Monday, March 28, 2011

The 50 Greatest Cartoons: 41, 40

41. Rooty Toot Toot

is a 1951 United Productions of America animated short film, directed by John Hubley. In 1994 it was voted #41 of the 50 Greatest Cartoons of all time by members of the animation field. It received a nomination for the Academy Award for Animated Short Film in 1951, but lost out to Tom and Jerry's 6th award winning cartoon The Two Mouseketeers.



The short retells the classic popular song "Frankie and Johnny". Frankie is on trial for the murder of her piano-playing lover, Johnny. The prosecuting attorney accuses her of shooting Johnny "rooty toot toot/right in the snoot." Nellie Bly the singer ("She's no singer!" shouts Frankie) claims she witnessed the shooting. The case is looking bad for Frankie until her lawyer, Honest John the Crook, spins a wild story about involving innocent Frankie, a jealous Johnny, and an incredible ricochet. The jury convenes and finds Frankie "not guilty." Frankie is thrilled, until she sees Honest John dancing with Nellie Bly. She quickly picks up Exhibit A (the gun) and shoots Honest John "rooty toot toot/right in the snoot" in front of the entire court room.

40. Peace on Earth

Peace on Earth is a one-reel 1939 Metro-Goldwyn-Mayer cartoon short directed by Hugh Harman, about a post-apocalyptic world populated only by animals.

Two young squirrels ask their grandfather on Christmas Eve who the "men" are in the lyric "peace on Earth, good will to men." The grandfather squirrel then tells them a history of the human race, focusing on the never-ending wars men waged. Ultimately the wars do end, with the deaths of the last men on Earth, two soldiers shooting each other. Afterwards, the surviving animals discover a copy of the Bible in the ruins of a church. Inspired by the book's teachings, they decide to rebuild a society dedicated to peace and nonviolence (using the helmets of soldiers to construct houses). The cartoon features an original song written to the tune of "Hark! The Herald Angels Sing."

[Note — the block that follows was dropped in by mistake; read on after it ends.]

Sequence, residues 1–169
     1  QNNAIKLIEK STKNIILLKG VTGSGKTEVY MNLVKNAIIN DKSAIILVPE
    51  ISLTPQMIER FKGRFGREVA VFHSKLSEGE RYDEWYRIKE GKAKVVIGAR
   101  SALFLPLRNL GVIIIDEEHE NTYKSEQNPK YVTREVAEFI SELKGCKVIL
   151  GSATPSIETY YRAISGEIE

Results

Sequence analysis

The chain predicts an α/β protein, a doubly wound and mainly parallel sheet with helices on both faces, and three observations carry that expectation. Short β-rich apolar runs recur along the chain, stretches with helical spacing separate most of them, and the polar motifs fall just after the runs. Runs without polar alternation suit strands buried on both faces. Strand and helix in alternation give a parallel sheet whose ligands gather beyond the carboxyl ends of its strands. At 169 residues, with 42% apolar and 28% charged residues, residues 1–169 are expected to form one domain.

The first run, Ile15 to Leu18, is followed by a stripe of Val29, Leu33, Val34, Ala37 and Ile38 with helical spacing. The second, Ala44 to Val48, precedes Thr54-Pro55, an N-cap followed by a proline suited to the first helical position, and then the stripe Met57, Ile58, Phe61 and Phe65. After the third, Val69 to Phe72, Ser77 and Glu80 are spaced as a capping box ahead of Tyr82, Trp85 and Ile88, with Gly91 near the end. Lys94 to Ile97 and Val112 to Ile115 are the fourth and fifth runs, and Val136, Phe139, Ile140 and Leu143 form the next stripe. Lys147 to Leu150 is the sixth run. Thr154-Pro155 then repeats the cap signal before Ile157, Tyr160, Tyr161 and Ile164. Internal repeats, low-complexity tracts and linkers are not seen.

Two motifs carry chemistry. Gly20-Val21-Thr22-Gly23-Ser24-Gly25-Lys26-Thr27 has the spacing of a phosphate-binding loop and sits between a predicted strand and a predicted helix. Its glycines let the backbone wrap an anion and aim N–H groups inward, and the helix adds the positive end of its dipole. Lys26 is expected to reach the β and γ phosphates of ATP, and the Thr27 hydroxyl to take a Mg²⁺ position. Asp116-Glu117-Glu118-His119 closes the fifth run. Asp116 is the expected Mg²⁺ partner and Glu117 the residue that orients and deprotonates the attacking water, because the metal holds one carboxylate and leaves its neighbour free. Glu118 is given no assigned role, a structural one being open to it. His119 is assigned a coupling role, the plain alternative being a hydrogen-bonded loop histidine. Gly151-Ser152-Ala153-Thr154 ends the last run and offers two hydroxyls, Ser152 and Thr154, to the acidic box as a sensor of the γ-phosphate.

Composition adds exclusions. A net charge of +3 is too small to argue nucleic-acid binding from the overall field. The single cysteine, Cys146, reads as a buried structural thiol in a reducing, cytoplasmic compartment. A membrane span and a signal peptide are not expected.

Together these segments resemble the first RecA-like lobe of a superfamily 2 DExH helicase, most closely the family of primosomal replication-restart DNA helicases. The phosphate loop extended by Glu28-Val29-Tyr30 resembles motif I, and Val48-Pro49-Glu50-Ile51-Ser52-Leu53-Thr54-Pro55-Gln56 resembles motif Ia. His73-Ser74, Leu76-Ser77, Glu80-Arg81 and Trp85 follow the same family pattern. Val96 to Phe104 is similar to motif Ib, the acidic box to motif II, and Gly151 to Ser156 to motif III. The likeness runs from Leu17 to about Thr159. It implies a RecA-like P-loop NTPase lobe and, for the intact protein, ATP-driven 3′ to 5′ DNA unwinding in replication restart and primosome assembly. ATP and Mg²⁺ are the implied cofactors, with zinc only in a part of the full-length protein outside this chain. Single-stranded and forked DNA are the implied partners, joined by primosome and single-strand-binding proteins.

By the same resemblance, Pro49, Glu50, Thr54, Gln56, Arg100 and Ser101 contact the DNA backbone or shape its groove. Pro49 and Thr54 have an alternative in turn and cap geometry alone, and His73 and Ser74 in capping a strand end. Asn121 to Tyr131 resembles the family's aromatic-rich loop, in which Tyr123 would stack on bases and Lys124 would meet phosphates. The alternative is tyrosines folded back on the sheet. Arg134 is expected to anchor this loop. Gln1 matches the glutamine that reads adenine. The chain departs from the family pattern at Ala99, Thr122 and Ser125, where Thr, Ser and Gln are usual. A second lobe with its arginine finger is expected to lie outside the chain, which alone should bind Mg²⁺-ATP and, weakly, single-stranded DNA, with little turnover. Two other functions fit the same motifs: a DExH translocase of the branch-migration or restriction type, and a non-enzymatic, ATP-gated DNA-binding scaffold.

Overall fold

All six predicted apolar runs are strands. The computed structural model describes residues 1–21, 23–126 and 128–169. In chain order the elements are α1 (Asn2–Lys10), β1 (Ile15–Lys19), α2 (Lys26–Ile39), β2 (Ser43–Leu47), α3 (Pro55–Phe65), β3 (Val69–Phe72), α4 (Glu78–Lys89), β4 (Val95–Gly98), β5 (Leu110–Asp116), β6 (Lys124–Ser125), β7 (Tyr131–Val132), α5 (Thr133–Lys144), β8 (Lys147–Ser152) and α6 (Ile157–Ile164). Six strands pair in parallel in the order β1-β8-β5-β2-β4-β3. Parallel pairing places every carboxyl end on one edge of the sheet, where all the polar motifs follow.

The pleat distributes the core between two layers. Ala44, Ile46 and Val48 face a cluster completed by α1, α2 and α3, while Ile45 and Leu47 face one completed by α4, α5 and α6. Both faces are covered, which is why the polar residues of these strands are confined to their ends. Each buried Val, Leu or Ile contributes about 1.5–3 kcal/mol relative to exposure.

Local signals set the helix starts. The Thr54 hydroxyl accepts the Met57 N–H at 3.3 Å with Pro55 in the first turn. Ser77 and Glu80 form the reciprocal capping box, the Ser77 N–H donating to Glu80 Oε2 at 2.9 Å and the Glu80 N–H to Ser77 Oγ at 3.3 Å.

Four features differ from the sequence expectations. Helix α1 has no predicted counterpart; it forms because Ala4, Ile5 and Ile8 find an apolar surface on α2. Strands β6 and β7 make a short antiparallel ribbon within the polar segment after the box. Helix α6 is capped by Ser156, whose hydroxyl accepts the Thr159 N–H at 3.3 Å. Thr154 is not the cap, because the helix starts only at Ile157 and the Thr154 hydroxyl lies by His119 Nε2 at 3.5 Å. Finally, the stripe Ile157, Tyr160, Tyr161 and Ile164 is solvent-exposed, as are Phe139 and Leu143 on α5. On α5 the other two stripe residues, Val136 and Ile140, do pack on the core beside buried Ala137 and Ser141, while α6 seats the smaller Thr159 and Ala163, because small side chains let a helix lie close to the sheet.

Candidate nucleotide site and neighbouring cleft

According to Hugh Harman's obituary in the New York Times and Ben Mankiewicz, host of Cartoon Alley, the cartoon was nominated for a Nobel Peace Prize. However, it is not listed in the official Nobel Prize nomination database.[3] Mankiewicz also claimed that the cartoon was the first about a serious subject by a major studio. In 1994, it was voted #40 of the 50 Greatest Cartoons of all time by members of the animation field. It was also nominated for the 1939 Academy Award for Short Subjects (Cartoons). It did not claim that honor (which instead went to Walt Disney's Silly Symphony The Ugly Duckling).



Enjoy :)

14 comments:

  1. Both of these were wayyyy before my time :(

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  2. Had never seen or heard of these before, nice.

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  3. Way before my time, too...but very interesting!

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  4. Peace on earth was quite interesting.

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  5. still lost, never heard this either...

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  6. Interesting, never heard of them!

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  7. I liked the music in the first one.

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  8. I've never heard of either of these!

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  9. I hadn't heard of either, thanks!

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